Save the bees!
Whilst we sometimes have to undertake pest control, we are also conscious to help our friendly wildlife. Honey bees across the world are in decline, under threat from viruses, and without beekeepers to care for them they could disappear in a few years.
Dr Ivor Davis, Master Beekeeper and trustee of the British Beekeepers Association offers this advice to help preserve our honey bees:
Plant bee friendly plants.
Encourage honey bees to visit your garden by planting single flowering
plants and vegetables. Go for the allium family, all the mints, beans and flowering herbs. Bees like daisy shaped flowers - asters and sunflowers, also tall plants like hollyhocks,
Do not keep unwashed honey jars outside.
Honey brought from overseas can contain bacteria and spores that are very harmful to our honey bees. If you leave a jar outside it encourages honey bees to feed on the remaining honey. This can infect the bee, who will then infect the rest of the colony, resulting in the death of the whole colony. Always wash out honey jars and dispose of them carefully.
When kept properly, bees are good neighbours, and only sting when provoked. Beekeepers wear protective clothing when they are handling bees. If a bee hovers inquiringly in front of you, DO NOT flap your hands. Stay calm and move slowly away, if possible into the shade of shed or a tree. The bee will soon lose interest.
It is worth remembering that bees do not like the smell of alcohol on people, or the ‘animal’ smell of leather clothing
Bees regard dark clothing as a threat – it could be a bear! Bees are sometimes confused by scented soaps, shampoos and perfumes, best avoided near the hive.
Swarming is the natural process by which colonies of honey bees increase their numbers. If you see a swarm contact the local authority or the police - they will contact a local beekeeper to collect the swarm. Honey bees in a swarm are usually very gentle and present very little danger. They can be made aggressive if disturbed or sprayed with water. Just LEAVE THEM ALONE and wait for a competent beekeeper to arrive.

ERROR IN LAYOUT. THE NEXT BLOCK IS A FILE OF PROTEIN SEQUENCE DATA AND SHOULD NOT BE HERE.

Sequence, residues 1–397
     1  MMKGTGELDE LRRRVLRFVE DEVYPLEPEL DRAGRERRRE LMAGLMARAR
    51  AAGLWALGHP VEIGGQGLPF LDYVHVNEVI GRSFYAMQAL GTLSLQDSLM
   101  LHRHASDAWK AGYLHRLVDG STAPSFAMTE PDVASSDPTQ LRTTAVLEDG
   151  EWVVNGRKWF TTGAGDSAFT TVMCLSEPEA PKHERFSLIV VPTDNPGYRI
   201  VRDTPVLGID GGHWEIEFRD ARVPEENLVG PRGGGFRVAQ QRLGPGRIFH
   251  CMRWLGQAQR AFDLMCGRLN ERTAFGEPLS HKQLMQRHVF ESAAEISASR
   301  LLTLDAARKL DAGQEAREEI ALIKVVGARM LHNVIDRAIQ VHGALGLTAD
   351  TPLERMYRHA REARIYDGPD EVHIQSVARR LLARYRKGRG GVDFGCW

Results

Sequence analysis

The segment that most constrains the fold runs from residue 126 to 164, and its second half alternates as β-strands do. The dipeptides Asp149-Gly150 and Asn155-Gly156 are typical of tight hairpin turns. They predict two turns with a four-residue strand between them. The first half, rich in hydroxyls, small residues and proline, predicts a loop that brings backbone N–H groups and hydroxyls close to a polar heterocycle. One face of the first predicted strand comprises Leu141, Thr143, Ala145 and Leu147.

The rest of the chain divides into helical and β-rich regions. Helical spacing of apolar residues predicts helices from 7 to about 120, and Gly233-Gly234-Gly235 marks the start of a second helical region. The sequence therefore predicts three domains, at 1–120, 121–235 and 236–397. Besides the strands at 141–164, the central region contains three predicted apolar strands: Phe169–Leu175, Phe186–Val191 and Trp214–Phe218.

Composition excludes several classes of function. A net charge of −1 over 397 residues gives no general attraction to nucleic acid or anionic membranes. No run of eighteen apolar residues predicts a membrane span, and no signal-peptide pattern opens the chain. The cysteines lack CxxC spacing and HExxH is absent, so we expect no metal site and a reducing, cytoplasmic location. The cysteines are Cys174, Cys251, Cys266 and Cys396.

Encourage local authorities to use bee friendly plants in public spaces.
Some of the UK’s best gardens and open spaces are managed by local authorities. Many recognise the value of planning gardens, roundabouts and other areas with flowers that attract bees. Encourage your authority to improve the area you live in by adventurous planting schemes, and offer to help look after them if resources are in short supply
Find space for beehives.
Many would- be beekeepers, especially in urban areas, find it difficult to find a safe space for their colony of bees. If you have some space in your garden, or know someone who has, contact your local beekeeping association and they will find a beekeeper in need of a site. It is amazing what a difference a beehive will make to your garden. Crops of peas and beans will be better, fruit trees will crop well with no deformed fruit, and your garden will be buzzing!
Buy local honey if you can.
Buying local honey helps local beekeepers to cover the cost of protecting bees. Local honey is processed naturally and complies with all food standards requirements without damage to the honey. It tastes different to foreign supermarket honey and has a flavour that reflects local flora.
This weekend 'Think Bees' and start planting those flowers!
Bees at Redborne School Farm, Ampthill, Beds.
Photo: https://www.flickr.com/photos/orangeaurochs/14942756528/?rb=1 orangeaurochs (CC BY 2.0)
- See more at: http://www.contegoresponse.com/news/62/save-the-bees#sthash.hhkru3df.dpuf